Stocks soared during today’s session as investors digested the Fed’s accommodative stance and positive retail sales data. The potential for a consumer recovery and high liquidity has investors anticipating further economic recovery. The S&P was up 2% on the day.
The U.S. Labor Department said that jobless claims were down 20,000 last week to 512,000, less than expected. The December 2010 eurodollars closed up .055 at a new contract high of 98.495 after the Federal Reserve said yesterday that the federal funds rate is likely to stay low “for an extended period.”
The Labor Department also said that non-farm productivity was up an annual rate of 9.5% in the third quarter, the largest gain in six years. Unit labor costs were down 3.6% in the third quarter from a year ago.
Grains and Cotton
The U.S. is enjoying another day of clear skies and mild temperatures. Yesterday’s 6 to 10 day forecast from the National Weather Service is expecting above average temperatures over the eastern two-third of the U.S. with above average precipitation in the southeastern U.S. December cotton closed down .70 at 67.41.
The USDA said that, as of last week, 2009-2010 exports of:
Corn remained up 12% from a year ago.
Soybeans improved from up 9% to up 10% from a year ago.
Wheat improved from down 35% to down 34% from a year ago.
Cotton improved from down 33% to down 31% from a year ago.
Even though wheat exports improved on the year, last week’s sales were the lowest in four months. December wheat finished down 8.75 cents at $5.122.
Brazil’s Ag Ministry said that they expect soybean production of roughly 63 million tons in 2009-2010, a little more than the USDA’s 62 million ton estimate. November soybeans dropped 28.5 cents to $9.67.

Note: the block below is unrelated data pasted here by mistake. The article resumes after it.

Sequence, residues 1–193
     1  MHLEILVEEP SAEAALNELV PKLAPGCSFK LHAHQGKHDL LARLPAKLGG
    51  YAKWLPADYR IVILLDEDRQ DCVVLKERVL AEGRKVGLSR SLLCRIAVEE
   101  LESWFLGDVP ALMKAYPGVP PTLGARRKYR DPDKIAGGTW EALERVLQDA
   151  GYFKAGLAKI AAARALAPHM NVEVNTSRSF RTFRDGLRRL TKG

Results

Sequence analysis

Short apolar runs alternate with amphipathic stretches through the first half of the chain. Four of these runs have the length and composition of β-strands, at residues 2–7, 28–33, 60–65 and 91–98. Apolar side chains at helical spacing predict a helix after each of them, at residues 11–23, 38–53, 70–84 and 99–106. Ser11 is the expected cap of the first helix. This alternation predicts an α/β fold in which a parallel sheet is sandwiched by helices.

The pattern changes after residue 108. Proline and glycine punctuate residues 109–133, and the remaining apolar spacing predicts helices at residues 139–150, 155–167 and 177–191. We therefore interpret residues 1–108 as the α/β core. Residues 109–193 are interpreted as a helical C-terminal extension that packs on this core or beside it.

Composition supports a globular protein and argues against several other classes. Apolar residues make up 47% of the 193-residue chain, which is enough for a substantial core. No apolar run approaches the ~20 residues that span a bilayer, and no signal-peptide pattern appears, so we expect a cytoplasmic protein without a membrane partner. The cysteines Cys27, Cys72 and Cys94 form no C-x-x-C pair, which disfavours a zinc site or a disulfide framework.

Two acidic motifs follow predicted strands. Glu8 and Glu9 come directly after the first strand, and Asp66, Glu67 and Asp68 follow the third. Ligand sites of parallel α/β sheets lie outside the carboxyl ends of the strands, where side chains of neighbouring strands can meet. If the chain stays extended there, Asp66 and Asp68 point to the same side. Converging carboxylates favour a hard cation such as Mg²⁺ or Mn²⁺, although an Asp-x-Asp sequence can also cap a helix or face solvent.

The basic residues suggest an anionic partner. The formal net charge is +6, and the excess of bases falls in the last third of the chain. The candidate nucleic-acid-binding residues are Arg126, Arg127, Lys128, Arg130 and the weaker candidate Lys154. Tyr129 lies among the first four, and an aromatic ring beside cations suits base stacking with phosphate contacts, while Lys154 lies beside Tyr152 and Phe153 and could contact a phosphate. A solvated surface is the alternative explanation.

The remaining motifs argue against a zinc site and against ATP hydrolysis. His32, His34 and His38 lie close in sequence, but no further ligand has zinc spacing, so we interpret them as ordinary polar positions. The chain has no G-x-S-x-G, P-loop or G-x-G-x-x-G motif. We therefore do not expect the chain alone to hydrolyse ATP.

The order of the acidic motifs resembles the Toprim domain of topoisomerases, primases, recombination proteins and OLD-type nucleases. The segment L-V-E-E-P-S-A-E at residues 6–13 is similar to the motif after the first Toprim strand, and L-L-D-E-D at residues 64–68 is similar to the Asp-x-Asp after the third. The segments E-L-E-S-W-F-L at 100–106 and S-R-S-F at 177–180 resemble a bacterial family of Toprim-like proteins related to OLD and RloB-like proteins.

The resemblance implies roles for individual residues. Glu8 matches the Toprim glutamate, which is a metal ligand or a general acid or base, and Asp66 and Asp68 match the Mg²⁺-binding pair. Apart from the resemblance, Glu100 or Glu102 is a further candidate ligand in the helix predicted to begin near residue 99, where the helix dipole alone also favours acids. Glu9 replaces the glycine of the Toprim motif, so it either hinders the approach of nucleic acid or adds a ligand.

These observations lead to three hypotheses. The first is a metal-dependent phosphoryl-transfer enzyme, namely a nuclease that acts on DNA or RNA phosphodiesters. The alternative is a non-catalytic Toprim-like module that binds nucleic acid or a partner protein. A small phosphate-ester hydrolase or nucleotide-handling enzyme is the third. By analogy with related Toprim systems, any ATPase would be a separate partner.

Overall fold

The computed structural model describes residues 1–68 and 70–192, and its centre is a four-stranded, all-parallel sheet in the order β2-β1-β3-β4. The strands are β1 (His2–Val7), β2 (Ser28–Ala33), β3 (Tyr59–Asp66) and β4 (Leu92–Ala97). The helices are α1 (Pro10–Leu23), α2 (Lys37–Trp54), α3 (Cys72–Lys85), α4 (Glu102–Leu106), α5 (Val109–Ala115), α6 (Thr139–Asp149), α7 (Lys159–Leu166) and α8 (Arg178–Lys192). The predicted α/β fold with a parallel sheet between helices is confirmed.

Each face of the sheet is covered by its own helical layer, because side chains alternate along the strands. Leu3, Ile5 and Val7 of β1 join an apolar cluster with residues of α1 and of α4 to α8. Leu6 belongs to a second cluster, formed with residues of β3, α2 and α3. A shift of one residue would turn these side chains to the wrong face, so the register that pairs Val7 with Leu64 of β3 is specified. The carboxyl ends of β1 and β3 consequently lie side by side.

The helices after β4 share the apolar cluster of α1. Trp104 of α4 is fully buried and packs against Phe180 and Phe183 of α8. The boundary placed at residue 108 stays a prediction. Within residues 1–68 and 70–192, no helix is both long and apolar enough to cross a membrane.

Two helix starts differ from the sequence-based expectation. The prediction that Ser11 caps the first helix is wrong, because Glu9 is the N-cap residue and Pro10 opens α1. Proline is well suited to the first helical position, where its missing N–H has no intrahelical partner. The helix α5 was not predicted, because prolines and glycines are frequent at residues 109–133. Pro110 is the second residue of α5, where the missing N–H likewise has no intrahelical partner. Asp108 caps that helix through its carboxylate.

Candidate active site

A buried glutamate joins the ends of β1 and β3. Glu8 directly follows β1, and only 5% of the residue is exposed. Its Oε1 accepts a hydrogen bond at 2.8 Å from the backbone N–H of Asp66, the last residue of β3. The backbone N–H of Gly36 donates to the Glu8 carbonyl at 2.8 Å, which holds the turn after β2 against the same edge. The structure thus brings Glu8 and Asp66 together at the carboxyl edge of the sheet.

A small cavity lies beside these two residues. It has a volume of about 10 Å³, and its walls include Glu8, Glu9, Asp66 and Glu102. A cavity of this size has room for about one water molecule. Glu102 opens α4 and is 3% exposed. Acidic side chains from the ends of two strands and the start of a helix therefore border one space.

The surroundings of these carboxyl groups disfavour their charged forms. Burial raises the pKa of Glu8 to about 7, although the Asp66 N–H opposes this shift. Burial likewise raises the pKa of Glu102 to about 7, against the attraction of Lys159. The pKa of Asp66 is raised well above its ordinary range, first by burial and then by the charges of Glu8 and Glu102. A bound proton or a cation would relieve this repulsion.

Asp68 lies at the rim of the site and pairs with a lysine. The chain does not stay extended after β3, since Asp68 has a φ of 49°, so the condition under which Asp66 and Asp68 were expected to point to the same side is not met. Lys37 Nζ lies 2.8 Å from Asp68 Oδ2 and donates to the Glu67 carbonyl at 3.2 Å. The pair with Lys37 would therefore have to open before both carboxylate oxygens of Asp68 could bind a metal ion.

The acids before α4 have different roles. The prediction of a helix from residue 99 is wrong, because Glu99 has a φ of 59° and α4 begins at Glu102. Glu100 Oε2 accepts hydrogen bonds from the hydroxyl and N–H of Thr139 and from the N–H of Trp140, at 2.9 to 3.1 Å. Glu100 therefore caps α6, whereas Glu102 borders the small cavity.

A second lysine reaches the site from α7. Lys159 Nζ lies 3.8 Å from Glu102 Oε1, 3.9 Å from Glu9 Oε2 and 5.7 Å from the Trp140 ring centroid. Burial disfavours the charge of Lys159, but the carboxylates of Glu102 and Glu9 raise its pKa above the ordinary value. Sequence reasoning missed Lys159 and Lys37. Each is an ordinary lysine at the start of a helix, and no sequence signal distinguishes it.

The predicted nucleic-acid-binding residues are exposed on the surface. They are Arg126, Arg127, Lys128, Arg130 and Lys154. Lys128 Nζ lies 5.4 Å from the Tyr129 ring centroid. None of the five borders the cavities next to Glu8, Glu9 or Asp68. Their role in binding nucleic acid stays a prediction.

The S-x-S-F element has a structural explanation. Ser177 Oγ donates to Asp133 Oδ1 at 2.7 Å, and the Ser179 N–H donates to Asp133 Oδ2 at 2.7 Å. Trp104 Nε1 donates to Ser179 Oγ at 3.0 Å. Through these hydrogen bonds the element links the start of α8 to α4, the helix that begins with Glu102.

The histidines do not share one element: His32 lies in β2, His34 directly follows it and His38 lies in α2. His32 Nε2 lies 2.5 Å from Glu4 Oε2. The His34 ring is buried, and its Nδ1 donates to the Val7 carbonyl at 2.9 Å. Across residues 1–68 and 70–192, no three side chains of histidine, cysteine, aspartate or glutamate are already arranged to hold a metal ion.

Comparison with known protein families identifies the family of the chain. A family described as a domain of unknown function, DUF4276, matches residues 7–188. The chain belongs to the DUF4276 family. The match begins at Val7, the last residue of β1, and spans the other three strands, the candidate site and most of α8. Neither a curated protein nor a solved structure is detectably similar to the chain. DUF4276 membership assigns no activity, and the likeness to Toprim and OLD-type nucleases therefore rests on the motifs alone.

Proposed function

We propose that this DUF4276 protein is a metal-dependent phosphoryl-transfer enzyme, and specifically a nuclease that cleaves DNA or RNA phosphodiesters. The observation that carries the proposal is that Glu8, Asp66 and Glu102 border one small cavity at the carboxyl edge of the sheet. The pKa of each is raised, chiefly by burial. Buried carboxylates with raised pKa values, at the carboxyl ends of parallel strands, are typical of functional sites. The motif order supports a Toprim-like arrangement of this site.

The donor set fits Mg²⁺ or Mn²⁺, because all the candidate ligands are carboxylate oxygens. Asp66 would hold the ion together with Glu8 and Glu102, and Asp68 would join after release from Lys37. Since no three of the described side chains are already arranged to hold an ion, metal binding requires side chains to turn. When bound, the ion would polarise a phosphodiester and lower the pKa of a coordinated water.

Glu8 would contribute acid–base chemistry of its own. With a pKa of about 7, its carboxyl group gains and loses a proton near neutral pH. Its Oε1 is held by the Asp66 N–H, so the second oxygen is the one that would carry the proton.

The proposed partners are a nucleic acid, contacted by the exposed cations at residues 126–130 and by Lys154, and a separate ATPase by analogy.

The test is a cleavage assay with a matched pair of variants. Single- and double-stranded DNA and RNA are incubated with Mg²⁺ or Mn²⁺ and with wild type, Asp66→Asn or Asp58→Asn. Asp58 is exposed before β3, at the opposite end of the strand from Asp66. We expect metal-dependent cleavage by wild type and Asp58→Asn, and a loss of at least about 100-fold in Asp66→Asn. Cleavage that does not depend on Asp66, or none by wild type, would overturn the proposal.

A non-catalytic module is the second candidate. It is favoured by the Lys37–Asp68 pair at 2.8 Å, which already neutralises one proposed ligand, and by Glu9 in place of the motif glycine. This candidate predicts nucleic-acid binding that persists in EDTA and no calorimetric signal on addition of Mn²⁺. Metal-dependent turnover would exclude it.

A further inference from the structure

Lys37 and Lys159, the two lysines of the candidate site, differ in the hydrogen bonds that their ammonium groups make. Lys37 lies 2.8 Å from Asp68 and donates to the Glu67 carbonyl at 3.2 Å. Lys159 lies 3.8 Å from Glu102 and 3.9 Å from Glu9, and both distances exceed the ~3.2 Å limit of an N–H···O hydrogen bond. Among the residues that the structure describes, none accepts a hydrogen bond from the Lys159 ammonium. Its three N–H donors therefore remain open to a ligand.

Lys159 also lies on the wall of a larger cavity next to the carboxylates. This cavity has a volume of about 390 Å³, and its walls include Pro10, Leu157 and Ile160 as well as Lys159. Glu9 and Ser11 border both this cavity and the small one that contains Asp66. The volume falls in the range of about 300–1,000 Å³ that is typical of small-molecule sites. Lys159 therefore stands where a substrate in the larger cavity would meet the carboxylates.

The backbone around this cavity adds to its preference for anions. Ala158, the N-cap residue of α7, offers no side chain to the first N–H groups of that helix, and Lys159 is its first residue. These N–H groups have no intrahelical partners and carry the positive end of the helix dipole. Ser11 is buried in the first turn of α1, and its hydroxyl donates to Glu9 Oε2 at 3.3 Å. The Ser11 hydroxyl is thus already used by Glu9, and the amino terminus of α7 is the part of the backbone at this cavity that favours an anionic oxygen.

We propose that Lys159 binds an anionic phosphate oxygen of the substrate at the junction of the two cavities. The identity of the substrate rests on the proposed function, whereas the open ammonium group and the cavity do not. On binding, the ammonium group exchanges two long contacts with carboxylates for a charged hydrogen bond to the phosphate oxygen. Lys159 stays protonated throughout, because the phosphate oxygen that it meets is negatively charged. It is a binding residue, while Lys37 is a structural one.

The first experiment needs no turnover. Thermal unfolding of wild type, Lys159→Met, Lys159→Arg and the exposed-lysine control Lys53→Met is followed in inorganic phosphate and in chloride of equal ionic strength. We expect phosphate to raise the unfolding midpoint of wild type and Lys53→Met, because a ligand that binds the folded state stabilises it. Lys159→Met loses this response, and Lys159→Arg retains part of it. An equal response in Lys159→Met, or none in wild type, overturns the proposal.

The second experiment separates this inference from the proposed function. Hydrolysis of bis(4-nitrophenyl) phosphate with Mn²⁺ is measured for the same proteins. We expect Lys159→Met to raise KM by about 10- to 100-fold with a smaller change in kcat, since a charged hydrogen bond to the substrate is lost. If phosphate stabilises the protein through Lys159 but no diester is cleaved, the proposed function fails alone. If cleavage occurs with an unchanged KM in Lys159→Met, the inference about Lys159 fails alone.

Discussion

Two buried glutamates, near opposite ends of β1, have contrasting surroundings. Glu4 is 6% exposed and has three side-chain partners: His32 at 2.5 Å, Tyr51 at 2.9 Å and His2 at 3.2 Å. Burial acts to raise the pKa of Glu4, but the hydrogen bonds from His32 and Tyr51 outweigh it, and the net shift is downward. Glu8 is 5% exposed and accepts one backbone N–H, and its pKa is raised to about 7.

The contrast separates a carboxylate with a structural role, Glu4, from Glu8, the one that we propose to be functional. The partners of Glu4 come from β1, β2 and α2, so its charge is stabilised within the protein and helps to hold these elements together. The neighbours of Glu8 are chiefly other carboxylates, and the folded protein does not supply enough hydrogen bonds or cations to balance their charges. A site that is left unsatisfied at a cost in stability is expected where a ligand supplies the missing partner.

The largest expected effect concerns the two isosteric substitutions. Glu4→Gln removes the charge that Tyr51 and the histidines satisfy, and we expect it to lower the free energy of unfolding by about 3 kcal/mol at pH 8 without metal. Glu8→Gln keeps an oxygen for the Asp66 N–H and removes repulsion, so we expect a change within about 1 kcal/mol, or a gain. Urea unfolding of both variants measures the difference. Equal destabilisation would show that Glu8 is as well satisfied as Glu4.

The USDA said that weekly net sales of beef totaled 9,000 tons last week, down from 11,300 tons the previous week. December cattle ended up .10 at 86.35.
According to Dow Jones Newswires, Brazil’s coffee crop is expecting hot and dry weather this week. December coffee ended up 1.35 cents at $1.4210.
The U.S. Department of Energy said that underground supplies of natural gas were up 29 billion cubic feet last week to 3.788 trillion cubic feet. Supplies are now up 11% from a year ago. December natural gas closed up 5.7 cents at $4.782.
The Bank of England met and kept its interest rate unchanged at .50%, as expected. It also expanded its program of quantitative easing by 25 billion pounds. Also, the U.K.’s Office for National Statistics said that manufacturing output was up 1.7% in September, better than expected. The December British pound ended down .0007 at $1.6582.
Source: Daily Futures